The best bit though comes in this line:

And later, in an almost word-for-word repetition of his 1995 comments, Daley told me: ”We are a Washington party. We have no farm system. The Republicans do, and we don’t.”

This isn’t surprising, nor should it be surprising that the last four Presidents who weren’t VP first, were Governors and it’s especially problematic then when Dems aren’t building a strong state party system. While there is some hope that Dean is building stronger state centric efforts, the lack of a grassroots and local infrastructure is still killing the party nationally.

Medicaid Cuts Very Unpopular

The Kaiser Foundation just released a poll on one of the most pressing state policy issues–Medicaid. The results are stunning in that the level of support for the program is higher than I would have expected, but then again, many, many people interact with the program on some level:

Washington, DC– Perhaps surprisingly given years of debate about Medicaid, frequent references to the program as the ?Pac Man? of state budgets, and periodic calls for reform, public attitudes toward Medicaid are remarkably positive, and opposition to cuts is reasonably strong, according to a new public opinion survey released today by the Kaiser Family Foundation.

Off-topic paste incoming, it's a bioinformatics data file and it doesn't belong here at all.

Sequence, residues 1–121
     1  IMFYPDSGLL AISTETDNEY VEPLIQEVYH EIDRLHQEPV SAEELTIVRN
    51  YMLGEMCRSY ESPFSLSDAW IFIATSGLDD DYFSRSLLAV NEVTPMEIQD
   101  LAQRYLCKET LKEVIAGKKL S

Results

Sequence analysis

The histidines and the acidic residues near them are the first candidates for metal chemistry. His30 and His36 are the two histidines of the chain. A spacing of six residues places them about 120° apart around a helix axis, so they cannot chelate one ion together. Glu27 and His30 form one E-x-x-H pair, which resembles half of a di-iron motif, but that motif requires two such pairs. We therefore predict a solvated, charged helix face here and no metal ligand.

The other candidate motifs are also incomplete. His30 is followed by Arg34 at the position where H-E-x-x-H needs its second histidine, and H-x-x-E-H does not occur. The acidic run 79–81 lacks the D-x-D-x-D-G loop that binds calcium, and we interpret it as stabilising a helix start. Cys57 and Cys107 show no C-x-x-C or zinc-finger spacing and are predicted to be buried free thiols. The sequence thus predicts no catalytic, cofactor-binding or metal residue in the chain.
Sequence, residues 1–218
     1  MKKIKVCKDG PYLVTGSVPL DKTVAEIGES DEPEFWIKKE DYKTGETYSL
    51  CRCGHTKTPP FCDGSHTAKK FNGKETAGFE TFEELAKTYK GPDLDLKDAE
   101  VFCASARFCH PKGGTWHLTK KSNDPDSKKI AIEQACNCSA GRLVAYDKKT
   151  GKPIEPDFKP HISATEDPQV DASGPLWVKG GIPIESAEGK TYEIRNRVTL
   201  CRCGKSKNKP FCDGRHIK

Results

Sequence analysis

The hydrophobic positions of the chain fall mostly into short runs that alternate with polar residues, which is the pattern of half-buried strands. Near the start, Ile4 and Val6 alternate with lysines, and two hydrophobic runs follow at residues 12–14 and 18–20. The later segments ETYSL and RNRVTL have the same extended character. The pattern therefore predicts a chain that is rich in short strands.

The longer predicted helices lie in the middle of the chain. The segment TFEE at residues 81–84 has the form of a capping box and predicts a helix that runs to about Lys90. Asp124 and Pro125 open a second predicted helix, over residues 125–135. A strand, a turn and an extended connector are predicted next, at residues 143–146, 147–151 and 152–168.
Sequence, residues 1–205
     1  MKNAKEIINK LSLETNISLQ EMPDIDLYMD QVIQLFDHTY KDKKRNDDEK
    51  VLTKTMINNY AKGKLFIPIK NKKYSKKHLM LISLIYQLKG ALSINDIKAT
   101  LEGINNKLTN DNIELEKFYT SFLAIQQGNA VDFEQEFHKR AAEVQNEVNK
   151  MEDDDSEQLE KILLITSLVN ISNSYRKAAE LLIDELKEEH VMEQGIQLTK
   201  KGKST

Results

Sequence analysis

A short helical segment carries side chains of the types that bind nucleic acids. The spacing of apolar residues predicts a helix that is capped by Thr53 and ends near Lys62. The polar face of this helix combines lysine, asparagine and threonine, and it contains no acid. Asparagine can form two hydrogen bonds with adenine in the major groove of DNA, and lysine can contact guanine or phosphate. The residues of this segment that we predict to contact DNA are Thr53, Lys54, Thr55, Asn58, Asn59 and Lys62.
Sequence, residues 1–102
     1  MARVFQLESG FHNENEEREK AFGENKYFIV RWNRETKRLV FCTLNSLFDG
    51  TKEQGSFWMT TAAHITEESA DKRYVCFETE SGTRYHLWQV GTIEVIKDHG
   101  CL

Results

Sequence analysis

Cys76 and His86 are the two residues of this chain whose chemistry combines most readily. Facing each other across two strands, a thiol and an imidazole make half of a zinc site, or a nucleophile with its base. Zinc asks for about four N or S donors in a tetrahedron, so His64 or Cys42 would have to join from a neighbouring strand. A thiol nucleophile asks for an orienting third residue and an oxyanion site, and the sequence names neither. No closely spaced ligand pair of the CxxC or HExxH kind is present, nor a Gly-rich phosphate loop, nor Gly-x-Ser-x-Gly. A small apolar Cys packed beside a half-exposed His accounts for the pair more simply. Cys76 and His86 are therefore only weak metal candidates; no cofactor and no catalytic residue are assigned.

While two-thirds of the public think their state has major budget problems, a substantial majority are reluctant to cut Medicaid to balance state budgets, and a majority think the federal government should maintain (44%) or increase (36%) federal spending on Medicaid; only 12% of the public prefer seeing federal funding of Medicaid cut.

Attitudes Towards Medicaid

Nearly three-quarters (74%) of adults say Medicaid is a ?very important” government program, ranking it close to Social Security (88%) and Medicare (83%) in the public?s mind, equal to federal aid to public schools (74%), and above defense and military spending (57%). About 8 in 10 Democrats (82%) and Independents (79%) view Medicaid as an important government program, while fewer, but still 6 in 10 Republicans (61%) express that view.

A majority of Americans (56%) report having some interaction with Medicaid, either having been enrolled themselves at some point (16%) or knowing a friend or family member who has received health coverage or long-term care assistance through the program (40%). Additionally, if they needed health care and were eligible, nearly 8 in 10 Americans (78%) say they would be willing to enroll in Medicaid. This view is consistent across different party identifications.